Chinese Nutritional Therapy – classifications

Classifications of food in Chinese Nutritional Therapy

Hot, cold, warming and cooling

Within Chinese medicine every food is classified as having a particular nature; cold, hot, warm, cool and neutral. Generally speaking foods that take longer to grow such as carrots, parsnips, cabbage and ginseng are warmer than those that grow more quickly such as lettuce, radish and cucumber.

Raw foods are more cooling than cooked foods and food eaten cold is also more cooling.

Foods that are blue, green or purple are usually more cooling than similar foods that are yellow, orange or red. For example a green apple is more cooling than a red one.

The five flavours

Flavour is very important as it helps send nutrition via the meridians to a corresponding organ. If we eat a balanced meal with many flavours we feel satisfied. The five flavours of food are: pungent (acrid), sweet sour, bitter and salty.  Pungent and sweet are considered Yang as they tend to be warming and direct energy outward and higher in the body.  Sour, bitter and salty are considered Yin and cooling, as they direct energy inward and lower in the body.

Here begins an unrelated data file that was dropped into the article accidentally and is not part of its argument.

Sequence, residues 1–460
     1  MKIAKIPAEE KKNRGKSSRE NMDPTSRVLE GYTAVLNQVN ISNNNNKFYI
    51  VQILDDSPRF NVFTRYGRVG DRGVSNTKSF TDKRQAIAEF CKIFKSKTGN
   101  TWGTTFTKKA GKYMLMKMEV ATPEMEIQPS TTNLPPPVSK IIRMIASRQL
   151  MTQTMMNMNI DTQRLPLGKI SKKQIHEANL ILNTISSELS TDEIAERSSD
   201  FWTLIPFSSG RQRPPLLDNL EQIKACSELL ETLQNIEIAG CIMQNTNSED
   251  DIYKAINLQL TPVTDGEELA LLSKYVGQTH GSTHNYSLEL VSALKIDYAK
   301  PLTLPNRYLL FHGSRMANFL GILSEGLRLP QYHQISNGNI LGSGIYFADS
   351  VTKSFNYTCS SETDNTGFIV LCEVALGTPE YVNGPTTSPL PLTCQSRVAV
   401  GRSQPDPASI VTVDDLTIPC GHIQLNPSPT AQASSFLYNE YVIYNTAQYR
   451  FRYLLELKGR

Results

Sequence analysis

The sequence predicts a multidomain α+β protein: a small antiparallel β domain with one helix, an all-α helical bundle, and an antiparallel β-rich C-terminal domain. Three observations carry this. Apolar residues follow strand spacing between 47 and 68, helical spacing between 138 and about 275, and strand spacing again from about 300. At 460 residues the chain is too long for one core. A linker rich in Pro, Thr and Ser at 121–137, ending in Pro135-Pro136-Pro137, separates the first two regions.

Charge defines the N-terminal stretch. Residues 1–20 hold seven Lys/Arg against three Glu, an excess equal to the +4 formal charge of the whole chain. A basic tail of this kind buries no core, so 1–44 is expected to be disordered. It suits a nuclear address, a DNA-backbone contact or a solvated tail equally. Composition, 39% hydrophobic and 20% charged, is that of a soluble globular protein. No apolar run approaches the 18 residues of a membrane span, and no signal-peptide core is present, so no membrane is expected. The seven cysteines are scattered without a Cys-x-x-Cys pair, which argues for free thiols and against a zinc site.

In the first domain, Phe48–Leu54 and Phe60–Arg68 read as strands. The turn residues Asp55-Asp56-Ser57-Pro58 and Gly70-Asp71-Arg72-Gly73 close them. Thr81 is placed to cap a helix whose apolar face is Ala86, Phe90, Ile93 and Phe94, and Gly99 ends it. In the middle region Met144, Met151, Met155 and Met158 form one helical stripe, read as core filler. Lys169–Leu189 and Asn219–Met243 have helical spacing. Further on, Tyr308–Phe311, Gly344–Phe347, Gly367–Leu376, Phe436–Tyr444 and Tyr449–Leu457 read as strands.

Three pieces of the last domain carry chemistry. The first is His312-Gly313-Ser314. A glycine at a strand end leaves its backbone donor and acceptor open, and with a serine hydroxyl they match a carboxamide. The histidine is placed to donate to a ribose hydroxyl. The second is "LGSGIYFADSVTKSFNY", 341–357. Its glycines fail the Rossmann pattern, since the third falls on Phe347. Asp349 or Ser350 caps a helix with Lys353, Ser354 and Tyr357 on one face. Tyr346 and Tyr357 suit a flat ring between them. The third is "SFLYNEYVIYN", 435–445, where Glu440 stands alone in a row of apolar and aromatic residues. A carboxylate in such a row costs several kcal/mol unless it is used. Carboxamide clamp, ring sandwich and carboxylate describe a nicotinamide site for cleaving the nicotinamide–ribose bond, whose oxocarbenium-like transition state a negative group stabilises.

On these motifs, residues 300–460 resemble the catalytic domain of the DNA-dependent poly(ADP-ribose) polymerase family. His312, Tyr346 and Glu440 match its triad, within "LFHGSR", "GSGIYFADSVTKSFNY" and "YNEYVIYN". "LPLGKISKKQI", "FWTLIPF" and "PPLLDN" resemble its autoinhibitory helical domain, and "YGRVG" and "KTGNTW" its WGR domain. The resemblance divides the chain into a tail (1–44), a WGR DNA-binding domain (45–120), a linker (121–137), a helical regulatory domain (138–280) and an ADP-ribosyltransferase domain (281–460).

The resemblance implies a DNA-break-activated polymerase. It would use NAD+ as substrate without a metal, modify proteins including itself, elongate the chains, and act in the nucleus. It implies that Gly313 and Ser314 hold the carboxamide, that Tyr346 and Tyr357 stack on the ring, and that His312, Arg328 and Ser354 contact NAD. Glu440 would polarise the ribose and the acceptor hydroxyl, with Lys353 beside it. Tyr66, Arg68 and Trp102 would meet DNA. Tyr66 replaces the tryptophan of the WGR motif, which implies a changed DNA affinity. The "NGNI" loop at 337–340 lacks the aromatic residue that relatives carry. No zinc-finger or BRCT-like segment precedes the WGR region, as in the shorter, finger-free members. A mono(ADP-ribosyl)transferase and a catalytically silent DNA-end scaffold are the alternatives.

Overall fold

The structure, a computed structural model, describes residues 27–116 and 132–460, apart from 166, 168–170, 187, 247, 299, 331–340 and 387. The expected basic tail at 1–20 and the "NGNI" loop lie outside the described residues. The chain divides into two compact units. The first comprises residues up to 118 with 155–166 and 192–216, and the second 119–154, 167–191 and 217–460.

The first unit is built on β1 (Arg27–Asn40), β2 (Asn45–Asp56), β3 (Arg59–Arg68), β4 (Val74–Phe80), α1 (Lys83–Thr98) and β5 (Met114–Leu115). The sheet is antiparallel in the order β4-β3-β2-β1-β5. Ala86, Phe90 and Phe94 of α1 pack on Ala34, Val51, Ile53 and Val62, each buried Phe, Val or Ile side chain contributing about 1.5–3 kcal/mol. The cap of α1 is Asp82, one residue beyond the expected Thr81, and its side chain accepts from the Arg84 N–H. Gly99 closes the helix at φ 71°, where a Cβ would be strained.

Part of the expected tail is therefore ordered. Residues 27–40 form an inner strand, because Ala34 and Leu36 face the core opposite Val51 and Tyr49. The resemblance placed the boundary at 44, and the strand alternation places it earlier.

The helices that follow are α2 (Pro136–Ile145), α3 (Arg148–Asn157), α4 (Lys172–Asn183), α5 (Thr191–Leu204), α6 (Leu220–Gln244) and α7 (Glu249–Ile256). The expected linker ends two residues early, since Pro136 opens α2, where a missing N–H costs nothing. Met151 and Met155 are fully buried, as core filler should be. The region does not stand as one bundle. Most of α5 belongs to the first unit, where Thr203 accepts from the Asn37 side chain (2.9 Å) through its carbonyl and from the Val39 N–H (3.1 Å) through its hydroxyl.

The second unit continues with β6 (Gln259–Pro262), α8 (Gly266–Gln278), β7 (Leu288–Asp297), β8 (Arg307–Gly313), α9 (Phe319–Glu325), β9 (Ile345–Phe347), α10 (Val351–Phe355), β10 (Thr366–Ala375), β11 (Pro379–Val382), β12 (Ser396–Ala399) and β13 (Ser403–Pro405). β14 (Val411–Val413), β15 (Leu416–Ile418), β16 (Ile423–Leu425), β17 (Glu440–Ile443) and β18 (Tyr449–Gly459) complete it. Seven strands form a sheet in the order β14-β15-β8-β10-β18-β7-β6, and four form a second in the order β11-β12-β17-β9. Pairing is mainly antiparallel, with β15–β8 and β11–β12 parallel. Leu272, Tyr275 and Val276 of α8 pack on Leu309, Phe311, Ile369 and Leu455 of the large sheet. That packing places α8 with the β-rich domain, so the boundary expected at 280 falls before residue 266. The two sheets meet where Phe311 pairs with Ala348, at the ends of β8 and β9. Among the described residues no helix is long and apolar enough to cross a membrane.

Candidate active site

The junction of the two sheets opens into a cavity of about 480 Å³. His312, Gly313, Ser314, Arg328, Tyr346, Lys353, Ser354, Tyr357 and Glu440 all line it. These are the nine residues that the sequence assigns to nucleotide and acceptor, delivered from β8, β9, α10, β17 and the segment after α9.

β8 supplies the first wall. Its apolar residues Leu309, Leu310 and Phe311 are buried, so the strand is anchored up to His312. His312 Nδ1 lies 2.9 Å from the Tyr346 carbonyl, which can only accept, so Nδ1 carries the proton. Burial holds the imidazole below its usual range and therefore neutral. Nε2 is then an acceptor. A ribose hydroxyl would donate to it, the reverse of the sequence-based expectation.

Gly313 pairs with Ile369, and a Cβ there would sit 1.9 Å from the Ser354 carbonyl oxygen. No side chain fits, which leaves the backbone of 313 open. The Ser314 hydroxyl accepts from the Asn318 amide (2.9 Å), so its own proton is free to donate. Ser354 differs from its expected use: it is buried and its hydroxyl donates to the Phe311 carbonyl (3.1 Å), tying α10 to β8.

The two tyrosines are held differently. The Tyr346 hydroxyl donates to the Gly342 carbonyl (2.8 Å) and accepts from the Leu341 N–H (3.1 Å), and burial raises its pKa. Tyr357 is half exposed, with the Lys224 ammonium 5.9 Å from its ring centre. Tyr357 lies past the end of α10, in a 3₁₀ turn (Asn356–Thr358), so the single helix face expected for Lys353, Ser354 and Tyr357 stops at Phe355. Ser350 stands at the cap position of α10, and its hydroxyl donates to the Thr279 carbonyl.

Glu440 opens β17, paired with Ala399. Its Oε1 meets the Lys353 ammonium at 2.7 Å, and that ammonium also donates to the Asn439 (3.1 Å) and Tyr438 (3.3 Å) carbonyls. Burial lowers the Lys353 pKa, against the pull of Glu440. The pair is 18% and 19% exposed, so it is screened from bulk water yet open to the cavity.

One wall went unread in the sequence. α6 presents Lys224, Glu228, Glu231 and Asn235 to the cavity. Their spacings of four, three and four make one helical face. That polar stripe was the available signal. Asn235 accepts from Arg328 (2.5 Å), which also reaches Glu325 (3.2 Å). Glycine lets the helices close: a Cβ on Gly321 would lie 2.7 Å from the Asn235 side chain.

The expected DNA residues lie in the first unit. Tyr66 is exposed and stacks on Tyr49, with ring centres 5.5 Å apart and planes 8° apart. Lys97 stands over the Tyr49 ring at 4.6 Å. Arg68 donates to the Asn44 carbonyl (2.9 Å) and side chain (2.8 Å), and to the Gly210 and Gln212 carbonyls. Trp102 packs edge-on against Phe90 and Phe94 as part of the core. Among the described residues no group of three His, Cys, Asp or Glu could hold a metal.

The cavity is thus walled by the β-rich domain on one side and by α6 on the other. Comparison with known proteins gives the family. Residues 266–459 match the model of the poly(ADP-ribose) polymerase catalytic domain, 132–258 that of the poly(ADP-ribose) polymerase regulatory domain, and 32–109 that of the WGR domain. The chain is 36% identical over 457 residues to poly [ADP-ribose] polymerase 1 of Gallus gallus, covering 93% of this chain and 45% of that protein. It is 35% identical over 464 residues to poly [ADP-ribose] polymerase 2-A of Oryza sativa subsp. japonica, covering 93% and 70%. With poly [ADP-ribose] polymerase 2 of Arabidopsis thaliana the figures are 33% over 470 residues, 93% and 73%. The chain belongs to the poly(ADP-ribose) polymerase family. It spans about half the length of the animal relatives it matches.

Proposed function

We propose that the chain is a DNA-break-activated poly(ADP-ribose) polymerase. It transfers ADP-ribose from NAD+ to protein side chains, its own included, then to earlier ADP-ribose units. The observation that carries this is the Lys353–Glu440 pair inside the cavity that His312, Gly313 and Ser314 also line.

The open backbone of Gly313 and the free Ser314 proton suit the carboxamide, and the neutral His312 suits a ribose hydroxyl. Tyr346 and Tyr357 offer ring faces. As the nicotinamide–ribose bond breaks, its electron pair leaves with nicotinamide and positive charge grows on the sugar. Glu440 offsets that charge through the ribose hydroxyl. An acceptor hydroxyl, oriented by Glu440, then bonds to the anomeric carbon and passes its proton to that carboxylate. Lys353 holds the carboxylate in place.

Each flavour corresponds to a paired set of internal ‘Organs’:

Sour enters the Liver and Gallbladder. The astringent character of these foods helps to stop abnormal discharge of fluids from the body such as diarrhoea, emissions and heavy sweating.

Bitter enters the Heart and Small Intestine.  Bitter clears heat, dries dampness and stimulates appetite.

Sweet enters the Spleen and Stomach. Sweet helps to lubricate and nourish the body.

Pungent enters the Lung and Large Intestine. It helps circulation and stimulates appetite.

Salty enters the Kidney and Bladder. It softens hardness and lubricates the Intestines.

Below are some examples for each category:

Sour: lemons, tomatoes, pineapple, apples, grapes, olives.
Bitter: wine, turnips, apricot seed, seaweed, asparagus, coffee.
Sweet: sweet potatoes, pumpkins, potatoes, honey, carrot, peas.
Pungent: fresh ginger, onions, leek, fennel, spearmint, sweet peppers.
Salty: millet, barley, kelp, shrimp, oyster, crabs, ham.

In a healthy diet for a healthy person the flavours should be balanced. If we eat a lot of foods of one particular flavour we can over time create an imbalance which can lead to ill health.


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